Five Art Thefts of the 20th Century

The theft of valuable art masterpieces has represented a subject of movies, books and newspaper headlines. It has captured the public’s imagination like few other types of crime have. The 20th century hosts several unbelievable art thefts. Whilst some of the masterpieces have been recovered, other haven’t been found as of yet. Amongst these is the art heist which has taken place in London at the National Gallery.

  • In 1961 Duke of Wellington portrait painted by Francisco de Goya was bought by Charles Wrighsman, a wealthy American, for $ 392,000.00. He was going to bring the painting to the United States with him, however, the British wanted to keep it in England and they paid what was required for their national hero’s portrait. The artwork has been exhibited at the National Gallery in London.

Just after three weeks the same exact artwork was stolen by a man called Kempton Bunton who asked as ransom the price paid for the painting at the auction house.

Regardless, this thief was not to be compared to any other normal thief. He certainly wanted to invoke Robin Hood’s acts of good gestures. Why?

He wanted to use the money for charity, to help poor people. The artwork was brought back when the “unemployed bus driver” Bunton left it at the train station’s luggage center and after he sent a “claim ticket to London Daily Mirror”. He surrendered to the police few weeks later and he was put in prison for three months.

  • Italy has represented the country of great Renaissance masters but it was also the scene where “the art crime of the century” has taken place. In 1975 two paintings by Piero della Francesca The flagellation of Christ, and The Madonna of Senigallia and a portrait of a woman by Raphael Sanzio, The Mute, were robbed from the Ducal Palace in Urbino, Italy. The art heist has been carried out by some criminals who wanted to sell the artworks “on the international art market”, something that was certainly not very easy to do. In March 1976, the masterpieces were found in Locarno, Switzerland.


  • On a third place of unheard of art heists is lovely France who was host to an art theft at the Marmottan Museum in Paris, in 1985. Nine painting were stolen from the museum, amongst them there was the famous Impression Soleil Levant by Claude Monet, “painting who gave Impressionism its name” and Bathers by Pierre August Renoir. Following a link to some other stolen paintings in1984 from a small city museum in France which have been found in Japan, the police came to the conclusion that the artworks have been stolen by a well known Japanese gangster named Shuinichi Fujikuma. But the real thieves were in fact other criminals: Phillipe Jamin and Youssef Khimounwho which werewith Fujikuma in prison in France, in 1978. The masterpieces were found in Corsica, in 1991.


  • In Holland, 3 paintings by Vincent Van Gogh, Dried Sunflowers, Weaver’s Interior, and a preliminary painting of The Potatoes Eaters, were thieved from the Kroller-Muller Museum in Otterlo. The theft was triggered by the publication of top ten most expensive ever sold paintings by Sotheby’s and Christie’s auction houses. Five Van Gogh’s paintings were published in their announcement and in the top was Irises, sold for an astonishing price of $53.9 million. The thieves asked for a ransom of $2.5 million. The pieces of art were recovered in July 13th, 1989 without any ransom paid.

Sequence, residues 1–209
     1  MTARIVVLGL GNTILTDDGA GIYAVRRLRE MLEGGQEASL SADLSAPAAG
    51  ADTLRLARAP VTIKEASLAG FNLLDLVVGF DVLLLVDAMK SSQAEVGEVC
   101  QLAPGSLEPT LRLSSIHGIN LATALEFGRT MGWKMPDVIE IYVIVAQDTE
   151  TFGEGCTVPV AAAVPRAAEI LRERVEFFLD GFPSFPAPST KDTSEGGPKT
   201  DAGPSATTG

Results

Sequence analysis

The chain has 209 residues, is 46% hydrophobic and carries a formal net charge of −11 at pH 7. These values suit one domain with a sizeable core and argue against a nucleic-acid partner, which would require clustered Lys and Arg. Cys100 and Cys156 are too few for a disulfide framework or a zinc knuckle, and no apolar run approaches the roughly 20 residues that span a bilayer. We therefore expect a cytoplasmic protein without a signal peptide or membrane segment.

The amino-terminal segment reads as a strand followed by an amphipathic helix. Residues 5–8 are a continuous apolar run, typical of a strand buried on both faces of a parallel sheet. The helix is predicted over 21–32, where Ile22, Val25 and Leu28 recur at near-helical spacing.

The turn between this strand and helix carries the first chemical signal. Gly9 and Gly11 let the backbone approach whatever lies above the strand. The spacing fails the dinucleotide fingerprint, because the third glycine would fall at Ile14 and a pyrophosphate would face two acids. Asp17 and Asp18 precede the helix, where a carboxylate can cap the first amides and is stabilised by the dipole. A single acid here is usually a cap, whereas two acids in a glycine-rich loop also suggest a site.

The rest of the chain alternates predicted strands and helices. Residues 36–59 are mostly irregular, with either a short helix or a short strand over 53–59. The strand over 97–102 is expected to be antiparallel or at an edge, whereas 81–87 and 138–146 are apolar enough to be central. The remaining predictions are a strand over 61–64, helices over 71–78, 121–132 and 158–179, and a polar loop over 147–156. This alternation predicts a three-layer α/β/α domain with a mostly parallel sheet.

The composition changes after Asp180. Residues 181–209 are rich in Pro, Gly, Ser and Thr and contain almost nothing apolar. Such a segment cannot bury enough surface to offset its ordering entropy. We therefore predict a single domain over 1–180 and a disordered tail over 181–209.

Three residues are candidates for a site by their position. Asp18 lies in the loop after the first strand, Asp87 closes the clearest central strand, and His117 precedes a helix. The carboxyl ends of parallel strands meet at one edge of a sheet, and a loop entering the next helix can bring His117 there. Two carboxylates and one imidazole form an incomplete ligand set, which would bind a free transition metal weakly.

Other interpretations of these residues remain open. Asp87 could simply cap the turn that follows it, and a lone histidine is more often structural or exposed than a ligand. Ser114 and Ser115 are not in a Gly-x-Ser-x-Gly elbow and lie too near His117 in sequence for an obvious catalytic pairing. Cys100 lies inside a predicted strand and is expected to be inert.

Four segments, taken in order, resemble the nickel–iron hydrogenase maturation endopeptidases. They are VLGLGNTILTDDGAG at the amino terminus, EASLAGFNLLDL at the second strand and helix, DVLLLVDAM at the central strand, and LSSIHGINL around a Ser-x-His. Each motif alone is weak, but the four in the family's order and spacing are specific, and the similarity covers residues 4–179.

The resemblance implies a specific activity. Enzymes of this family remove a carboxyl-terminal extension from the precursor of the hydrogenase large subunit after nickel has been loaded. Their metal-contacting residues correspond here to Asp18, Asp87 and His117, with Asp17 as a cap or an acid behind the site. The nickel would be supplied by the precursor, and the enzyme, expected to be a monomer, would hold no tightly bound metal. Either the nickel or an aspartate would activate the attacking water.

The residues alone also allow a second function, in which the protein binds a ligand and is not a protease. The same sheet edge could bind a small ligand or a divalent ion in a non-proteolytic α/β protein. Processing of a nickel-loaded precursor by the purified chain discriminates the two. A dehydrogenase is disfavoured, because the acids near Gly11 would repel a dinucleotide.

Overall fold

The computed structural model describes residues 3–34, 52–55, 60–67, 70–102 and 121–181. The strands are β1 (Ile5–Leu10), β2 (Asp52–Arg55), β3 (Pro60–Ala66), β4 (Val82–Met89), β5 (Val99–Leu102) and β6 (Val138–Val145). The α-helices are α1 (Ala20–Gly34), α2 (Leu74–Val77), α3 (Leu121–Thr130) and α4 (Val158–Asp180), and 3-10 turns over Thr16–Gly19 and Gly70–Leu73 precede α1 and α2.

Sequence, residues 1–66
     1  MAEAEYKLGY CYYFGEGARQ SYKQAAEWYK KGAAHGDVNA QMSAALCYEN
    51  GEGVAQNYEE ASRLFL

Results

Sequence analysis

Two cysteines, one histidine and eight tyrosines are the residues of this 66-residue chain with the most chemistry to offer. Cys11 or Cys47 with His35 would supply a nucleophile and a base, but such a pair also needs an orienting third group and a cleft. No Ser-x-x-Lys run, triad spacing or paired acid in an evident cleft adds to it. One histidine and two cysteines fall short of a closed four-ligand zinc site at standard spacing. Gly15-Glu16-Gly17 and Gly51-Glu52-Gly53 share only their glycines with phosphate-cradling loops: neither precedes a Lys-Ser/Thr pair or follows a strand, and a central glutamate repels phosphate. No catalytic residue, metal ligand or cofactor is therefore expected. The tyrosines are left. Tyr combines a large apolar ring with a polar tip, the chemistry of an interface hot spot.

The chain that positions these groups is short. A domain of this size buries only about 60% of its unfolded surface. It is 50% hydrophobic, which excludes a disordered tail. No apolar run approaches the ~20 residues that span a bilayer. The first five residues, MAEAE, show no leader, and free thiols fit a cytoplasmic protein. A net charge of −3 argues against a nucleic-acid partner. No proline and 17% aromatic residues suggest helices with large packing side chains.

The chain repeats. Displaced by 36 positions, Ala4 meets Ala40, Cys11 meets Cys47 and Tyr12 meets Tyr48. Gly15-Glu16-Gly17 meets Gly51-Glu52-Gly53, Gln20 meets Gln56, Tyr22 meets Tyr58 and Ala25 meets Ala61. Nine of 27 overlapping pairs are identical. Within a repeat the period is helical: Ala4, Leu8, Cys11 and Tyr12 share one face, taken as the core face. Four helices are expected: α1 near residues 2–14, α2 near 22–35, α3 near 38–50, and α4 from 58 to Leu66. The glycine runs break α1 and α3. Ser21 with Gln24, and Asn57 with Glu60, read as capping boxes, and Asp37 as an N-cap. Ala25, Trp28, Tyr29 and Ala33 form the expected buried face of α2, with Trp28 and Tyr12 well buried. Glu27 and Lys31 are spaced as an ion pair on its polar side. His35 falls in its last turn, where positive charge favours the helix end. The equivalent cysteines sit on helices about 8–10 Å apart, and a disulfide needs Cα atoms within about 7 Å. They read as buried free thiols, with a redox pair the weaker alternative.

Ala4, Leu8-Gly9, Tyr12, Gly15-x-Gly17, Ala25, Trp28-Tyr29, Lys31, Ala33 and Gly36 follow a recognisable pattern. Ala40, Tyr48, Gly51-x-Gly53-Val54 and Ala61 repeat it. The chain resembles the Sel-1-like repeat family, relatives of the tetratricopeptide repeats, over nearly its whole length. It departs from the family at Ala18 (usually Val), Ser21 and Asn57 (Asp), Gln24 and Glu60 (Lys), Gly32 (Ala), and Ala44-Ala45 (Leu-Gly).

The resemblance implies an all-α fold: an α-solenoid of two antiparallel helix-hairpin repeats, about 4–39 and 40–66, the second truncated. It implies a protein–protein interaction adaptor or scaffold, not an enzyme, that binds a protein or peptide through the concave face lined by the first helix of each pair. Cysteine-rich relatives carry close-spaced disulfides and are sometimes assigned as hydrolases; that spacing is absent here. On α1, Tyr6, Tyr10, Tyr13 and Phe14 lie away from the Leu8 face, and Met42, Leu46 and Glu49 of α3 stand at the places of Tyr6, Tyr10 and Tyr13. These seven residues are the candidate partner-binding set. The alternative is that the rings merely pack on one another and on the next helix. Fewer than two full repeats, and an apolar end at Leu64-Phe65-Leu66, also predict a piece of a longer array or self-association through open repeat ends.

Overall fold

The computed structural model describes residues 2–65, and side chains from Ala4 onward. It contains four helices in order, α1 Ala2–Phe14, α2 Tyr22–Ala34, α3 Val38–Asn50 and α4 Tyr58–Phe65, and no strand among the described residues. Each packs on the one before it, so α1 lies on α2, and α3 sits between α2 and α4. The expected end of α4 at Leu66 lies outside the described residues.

• In 2000, in Stockholm at the National Museum, a Self-portrait by Rembrandt and two paintings by Pierre Auguste Renoir, Young Parisienne and The Conversation, were looted.

One of the criminals walked in the museum with a machine gun pointing it at one of the guards and the other two stole the famous artworks worth of $30 million. They have escaped by speedboat, bearing in mind that the National Museum is next to the water and that was a convenient way to disappear into the unknown. They had tried to attract attention to the other part of the city, “making a show out of a heist” by setting two cars on fire and “sprinkling nails on the ground”.

After the theft, the thieves ask for a ransom of $10 million per painting using as an intermediate a lawyer who become a suspect himself and was asked to reveal the names of the criminals.

Eight men have been arrested and the art was recovered. One painting was recovered after two weeks of the heist, and one of the Renoir’s paintings was found after five years in a hotel in Copenhagen where it was  offered for sale to an FBI agent for half a million dollars. The last painting was recovered in Los Angeles, SUA where the thieves could find easily a buyer.

Even with security guards on duty, the museums are still vulnerable to theft, considering that some criminals are looking to find easy ways to become rich overnight. Therefore stealing some of the most valuable treasuries of humanity: the masterpieces of the world, feels like winning the lottery.


Francisco De Goya                                       

Duke of Wellington (1814)

Oil on canvas, stolen from

The National Gallery in London, England

Piero della Francesca

The Flagellation of Christ (1455-1460)

Oil on canvas, stolen from the Ducal Palace in Urbino, Italy.

Claude Monet        

Impression Soleil Levant (1872)                                      

Oil on canvas, stolen from the Marmottan Museum in Paris, France

Pierre August Renoir

The Bathers (1887), oil on canvas

stolen from the Marmottan Museum in Paris, France

Vincent Van Gogh                                        

Dried Sunflowers (1888)

Oil on canvas, stolen from

Kroller-Muller Museum in Otterlo, Holland


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